A White House official has apparently responded to comments made by Johnny Depp at Glastonbury Festival about an actor assassinating a president.
The Pirates of the Caribbean star was introducing his film The Libertine when he said that Trump needed "help" and there were "a lot of dark places he could go".
"I'm not insinuating anything - by the way this will be in the press and it will be horrible," he said to laughter from the crowd, "but when was the last time an actor assassinated a president?"
Katherine Faulders, a White House reporter for ABC News, tweeted a statement she said was given by an official in response to Depp's remarks.
"President Trump has condemned violence in all forms and its [sic] sad that others like Johnny Depp have not followed his lead," it read.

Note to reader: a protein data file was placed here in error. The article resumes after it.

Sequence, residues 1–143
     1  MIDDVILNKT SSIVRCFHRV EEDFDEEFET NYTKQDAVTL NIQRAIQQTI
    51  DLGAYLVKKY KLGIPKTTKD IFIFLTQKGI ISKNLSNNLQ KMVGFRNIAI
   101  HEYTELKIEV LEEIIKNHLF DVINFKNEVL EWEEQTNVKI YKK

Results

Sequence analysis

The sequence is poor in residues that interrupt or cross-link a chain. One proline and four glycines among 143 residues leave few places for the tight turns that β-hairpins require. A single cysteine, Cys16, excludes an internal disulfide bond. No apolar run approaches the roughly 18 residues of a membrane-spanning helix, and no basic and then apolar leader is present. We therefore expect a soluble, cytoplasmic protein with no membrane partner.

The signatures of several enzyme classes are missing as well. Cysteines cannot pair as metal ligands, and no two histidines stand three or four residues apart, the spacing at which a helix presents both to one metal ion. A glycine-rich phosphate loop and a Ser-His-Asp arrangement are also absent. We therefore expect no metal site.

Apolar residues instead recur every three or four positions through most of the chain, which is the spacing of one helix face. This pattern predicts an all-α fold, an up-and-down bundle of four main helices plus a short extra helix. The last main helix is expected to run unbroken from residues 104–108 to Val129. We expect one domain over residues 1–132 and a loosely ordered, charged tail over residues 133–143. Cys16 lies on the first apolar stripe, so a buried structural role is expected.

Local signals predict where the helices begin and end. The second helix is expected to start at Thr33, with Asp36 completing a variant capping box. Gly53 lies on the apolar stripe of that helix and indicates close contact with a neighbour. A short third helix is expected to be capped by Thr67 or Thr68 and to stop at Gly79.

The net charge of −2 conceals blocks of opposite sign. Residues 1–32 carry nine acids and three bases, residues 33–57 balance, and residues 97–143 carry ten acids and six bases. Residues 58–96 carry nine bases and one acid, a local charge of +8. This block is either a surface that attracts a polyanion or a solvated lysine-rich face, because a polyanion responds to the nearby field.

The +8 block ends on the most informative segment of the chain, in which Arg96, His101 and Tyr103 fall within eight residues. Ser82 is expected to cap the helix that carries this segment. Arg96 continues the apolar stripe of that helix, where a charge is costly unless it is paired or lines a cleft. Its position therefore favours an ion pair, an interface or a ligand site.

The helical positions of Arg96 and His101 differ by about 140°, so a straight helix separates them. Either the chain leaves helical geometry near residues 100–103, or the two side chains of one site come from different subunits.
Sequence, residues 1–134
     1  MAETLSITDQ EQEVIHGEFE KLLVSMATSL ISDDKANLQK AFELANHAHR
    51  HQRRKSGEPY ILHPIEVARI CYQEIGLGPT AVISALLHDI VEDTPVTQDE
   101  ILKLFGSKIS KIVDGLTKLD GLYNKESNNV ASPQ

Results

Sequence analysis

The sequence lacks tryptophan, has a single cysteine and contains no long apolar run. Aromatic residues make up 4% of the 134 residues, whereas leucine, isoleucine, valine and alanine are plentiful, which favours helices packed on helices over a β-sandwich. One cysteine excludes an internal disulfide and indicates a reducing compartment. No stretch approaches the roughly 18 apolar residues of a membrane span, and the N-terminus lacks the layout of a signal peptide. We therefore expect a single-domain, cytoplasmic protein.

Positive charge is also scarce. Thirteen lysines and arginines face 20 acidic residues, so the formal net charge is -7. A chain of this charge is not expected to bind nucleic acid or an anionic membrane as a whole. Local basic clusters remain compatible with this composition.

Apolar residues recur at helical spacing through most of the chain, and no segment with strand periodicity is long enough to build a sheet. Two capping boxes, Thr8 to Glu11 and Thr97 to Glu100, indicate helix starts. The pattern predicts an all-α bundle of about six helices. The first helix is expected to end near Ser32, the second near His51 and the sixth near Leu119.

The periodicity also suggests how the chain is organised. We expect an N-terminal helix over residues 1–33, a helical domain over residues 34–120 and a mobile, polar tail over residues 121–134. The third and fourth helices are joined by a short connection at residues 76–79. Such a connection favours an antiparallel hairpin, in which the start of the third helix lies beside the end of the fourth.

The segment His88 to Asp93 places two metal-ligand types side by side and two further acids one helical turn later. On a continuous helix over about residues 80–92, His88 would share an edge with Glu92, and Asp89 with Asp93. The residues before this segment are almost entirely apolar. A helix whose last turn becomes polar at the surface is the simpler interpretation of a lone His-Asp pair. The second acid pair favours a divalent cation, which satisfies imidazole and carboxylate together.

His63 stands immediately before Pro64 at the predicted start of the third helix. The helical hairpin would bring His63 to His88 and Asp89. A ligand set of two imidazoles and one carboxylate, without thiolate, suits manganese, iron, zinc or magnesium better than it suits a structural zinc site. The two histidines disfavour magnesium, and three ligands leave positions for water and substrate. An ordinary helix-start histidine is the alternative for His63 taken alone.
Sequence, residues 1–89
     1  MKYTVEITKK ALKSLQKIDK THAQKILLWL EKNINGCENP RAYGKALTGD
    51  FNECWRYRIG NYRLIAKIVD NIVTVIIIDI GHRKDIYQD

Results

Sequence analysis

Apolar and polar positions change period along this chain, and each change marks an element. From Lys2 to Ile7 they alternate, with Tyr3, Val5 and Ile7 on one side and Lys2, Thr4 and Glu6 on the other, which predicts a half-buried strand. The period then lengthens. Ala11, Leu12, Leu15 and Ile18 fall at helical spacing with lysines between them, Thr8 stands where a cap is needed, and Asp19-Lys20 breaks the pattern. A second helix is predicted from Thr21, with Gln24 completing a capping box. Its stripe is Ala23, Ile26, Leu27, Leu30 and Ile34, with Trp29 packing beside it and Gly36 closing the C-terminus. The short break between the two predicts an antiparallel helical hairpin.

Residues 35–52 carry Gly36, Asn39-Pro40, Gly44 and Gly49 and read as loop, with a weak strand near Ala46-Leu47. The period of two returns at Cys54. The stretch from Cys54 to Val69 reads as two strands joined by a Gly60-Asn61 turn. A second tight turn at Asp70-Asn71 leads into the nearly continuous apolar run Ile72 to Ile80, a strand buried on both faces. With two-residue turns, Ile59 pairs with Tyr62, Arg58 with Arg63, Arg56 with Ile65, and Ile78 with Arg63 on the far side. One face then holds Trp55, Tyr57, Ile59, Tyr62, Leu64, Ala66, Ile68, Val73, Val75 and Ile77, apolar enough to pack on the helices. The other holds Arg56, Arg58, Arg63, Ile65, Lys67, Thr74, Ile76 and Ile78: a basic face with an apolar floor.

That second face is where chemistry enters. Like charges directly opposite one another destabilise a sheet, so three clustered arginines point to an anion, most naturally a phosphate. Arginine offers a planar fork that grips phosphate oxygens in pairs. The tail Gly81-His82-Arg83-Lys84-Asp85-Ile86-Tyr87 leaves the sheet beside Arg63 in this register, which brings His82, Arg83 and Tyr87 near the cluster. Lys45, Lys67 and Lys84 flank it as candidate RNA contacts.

"I hope that some of Mr Depp's colleagues will speak out against this type of rhetoric as strongly as they would if his comments were directed to a democrat elected official."
While the reaction to Depp's comments at Glastonbury seemed mostly positive, others on social media have criticised him for being in poor taste.
The remarks come weeks after a gunman opened fire and injured a Republican congressman, along with four other people, in Virginia in the US.
ABC reported earlier that the US Secret Service is "aware" of Depp's comments.
He is not the first US celebrity to cause controversy by alluding of "assassination attempts" on the US President.
Madonna said she had thought "an awful lot about blowing up the White House" at a rally which took place shortly after Trump's inauguration ceremony.
Snoop Dogg later released a music video where he shot a toy gun at a clown resembling Trump.
Join our new commenting forum
Join thought-provoking conversations, follow other Independent readers and see their replies